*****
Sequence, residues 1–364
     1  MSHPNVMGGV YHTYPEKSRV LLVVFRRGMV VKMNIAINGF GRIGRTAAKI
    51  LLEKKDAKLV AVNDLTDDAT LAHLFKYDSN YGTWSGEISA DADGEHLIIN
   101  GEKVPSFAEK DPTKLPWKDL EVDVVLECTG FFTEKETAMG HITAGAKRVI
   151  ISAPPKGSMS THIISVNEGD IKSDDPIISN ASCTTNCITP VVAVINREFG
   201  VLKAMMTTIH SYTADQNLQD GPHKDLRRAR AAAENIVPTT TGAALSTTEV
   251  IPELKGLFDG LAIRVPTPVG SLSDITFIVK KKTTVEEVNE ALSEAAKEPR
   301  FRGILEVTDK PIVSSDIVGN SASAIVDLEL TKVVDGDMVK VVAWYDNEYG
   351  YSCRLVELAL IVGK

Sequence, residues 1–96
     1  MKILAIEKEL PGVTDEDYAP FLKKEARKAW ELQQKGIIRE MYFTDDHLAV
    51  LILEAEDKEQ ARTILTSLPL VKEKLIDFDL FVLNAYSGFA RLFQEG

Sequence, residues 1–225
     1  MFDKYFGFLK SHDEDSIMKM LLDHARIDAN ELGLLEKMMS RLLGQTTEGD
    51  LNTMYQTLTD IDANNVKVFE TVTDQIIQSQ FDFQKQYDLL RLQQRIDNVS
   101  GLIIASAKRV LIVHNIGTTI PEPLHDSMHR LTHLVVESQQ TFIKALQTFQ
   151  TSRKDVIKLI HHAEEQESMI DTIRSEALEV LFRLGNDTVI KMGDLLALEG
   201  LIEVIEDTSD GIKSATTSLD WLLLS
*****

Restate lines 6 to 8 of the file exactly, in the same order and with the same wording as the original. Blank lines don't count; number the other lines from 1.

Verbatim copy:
   201  VLKAMMTTIH SYTADQNLQD GPHKDLRRAR AAAENIVPTT TGAALSTTEV
   251  IPELKGLFDG LAIRVPTPVG SLSDITFIVK KKTTVEEVNE ALSEAAKEPR
   301  FRGILEVTDK PIVSSDIVGN SASAIVDLEL TKVVDGDMVK VVAWYDNEYG